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Chinese Netizens Respond to Steve Kerr’s Speech on Texas Shooting

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In the wake of the elementary school shooting that left 19 children and two teachers dead in Uvalde, Texas, on May 24, Steve Kerr, coach of NBA team Golden State Warrior, delivered an emotionally charged speech on May 25. Kerr’s speech, which has gone viral, has profoundly impacted audiences worldwide, including in China.

In addition to condemning the U.S. government’s inaction on gun control, Kerr asked Republican senators to take immediate action.

“When are we going to do something? I am tired. I am so tired of getting up here and offering condolences to the devastated families out there. I’m tired of the moments of silence. Enough,” said Kerr.

An advocate for increased firearm control, Kerr has been personally affected by gun violence; his father was tragically shot to death by terrorists in Beirut, Lebanon, while assuming the role of president of the American University of Beirut.

Many, including Golden State’s star player Stephen Curry, were quick to show their solidarity with Kerr’s words on Twitter.

Steph Curry

Steph Curry. Image via Weibo

On Weibo, Chinese netizens have been supportive of Kerr’s message. Given the NBA team’s solid fan base in China, the hashtag related to Curry’s retweet gained more than 86 million views in just a few days.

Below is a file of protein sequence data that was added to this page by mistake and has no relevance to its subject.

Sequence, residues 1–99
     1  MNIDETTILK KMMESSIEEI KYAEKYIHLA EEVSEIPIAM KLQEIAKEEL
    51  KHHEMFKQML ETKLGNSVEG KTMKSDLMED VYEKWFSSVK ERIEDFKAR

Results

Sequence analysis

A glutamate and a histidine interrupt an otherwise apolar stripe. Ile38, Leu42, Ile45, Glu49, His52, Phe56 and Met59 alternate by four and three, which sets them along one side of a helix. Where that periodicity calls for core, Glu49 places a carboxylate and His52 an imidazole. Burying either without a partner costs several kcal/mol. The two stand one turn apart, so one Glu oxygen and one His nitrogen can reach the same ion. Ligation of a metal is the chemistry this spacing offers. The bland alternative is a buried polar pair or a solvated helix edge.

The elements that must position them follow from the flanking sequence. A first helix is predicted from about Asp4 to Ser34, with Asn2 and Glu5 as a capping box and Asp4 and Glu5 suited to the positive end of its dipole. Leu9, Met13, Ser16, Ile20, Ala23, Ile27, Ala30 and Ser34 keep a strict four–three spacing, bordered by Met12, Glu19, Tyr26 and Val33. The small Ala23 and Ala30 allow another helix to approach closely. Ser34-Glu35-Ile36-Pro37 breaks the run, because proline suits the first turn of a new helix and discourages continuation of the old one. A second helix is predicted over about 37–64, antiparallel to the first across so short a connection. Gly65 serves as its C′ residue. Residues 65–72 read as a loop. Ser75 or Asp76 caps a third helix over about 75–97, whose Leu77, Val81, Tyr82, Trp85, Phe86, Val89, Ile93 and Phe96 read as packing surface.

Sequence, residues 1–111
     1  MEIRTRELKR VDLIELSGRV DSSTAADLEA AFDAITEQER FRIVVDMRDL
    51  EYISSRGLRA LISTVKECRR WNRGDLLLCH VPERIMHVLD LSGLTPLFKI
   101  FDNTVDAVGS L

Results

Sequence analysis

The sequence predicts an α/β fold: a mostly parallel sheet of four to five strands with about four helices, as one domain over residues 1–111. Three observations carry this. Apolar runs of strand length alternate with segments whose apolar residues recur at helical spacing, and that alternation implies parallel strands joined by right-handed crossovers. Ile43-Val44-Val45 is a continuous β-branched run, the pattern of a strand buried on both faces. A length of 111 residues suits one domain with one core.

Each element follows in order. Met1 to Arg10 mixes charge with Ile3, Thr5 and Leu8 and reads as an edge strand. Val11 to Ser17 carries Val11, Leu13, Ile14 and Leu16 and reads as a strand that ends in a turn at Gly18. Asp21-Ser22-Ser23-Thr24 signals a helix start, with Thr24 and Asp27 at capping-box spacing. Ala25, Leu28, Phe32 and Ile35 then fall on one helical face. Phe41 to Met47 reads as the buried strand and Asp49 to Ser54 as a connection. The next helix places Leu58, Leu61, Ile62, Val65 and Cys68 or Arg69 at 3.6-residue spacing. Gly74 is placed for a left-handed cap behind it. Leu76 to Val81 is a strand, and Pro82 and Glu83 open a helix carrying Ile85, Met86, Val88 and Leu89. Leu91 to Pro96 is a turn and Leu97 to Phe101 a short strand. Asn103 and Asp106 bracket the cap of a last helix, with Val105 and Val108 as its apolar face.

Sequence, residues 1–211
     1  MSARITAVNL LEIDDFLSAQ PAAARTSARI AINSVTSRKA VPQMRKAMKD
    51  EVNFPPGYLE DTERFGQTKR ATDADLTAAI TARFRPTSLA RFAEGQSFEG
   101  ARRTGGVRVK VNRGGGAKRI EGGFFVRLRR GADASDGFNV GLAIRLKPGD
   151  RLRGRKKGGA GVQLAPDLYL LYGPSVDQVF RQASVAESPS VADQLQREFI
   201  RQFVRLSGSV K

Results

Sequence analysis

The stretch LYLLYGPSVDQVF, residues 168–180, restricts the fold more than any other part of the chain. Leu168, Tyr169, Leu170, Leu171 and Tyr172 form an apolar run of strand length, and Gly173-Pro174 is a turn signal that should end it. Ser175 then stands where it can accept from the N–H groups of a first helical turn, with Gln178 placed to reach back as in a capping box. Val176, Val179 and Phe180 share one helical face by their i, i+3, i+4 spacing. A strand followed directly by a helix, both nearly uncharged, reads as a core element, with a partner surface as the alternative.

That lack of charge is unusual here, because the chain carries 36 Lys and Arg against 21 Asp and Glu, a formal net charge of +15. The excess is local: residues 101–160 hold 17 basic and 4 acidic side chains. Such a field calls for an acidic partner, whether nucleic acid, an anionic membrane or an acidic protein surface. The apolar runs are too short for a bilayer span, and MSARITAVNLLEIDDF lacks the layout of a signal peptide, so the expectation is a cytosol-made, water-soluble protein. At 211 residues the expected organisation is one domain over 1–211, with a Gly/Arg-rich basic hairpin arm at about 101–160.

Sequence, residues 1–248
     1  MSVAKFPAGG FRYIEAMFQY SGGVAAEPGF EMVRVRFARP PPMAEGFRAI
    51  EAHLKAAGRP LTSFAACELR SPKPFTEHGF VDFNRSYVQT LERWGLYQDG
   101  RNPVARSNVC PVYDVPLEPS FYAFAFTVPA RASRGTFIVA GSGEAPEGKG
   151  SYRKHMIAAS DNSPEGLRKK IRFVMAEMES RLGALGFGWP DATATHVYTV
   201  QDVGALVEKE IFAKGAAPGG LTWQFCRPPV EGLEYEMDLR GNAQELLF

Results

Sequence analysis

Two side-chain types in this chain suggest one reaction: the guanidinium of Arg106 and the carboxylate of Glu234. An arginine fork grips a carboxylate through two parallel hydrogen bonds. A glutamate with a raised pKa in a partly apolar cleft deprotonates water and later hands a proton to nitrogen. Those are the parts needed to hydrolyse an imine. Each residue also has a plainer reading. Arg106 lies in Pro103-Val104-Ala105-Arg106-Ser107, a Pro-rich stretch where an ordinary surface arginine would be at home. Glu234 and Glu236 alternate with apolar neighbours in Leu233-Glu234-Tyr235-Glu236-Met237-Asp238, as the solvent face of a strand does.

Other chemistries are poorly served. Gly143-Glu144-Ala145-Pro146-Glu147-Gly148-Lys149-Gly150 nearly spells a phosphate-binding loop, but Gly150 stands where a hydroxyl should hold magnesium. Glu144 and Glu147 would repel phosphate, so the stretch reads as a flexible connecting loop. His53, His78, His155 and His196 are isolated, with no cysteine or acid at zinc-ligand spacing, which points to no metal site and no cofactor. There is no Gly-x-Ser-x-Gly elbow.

Conveying a whole spectrum of emotions, comments under the hashtag range from incensed (“Every chapter of American history is marked by exploitation”) to sarcastic (“Just curious, do citizens or senators hold power in the U.S.?”).

A handful of commenters in China appear more sympathetic than others.

“Every life deserves to be cherished. It’s a shame to see brash and ironic comments under such sad news,” reads one comment, while another goes, “Shouldn’t we all mourn for lost lives? Why can’t we separate individual lives from politics?”

Cover photo via Twitter

Hanna Ramirez
    Hanna is currently a grad student at the University of Southern California in their East Asian Area studied department. She is currently an editorial intern at RADII based in Los Angeles, California. She is passionate about Chinese culture and language, especially Chinese film and contemporary art. In her free time, you can find her exploring new restaurants in Los Angeles, shopping for makeup with her friends, or painting.

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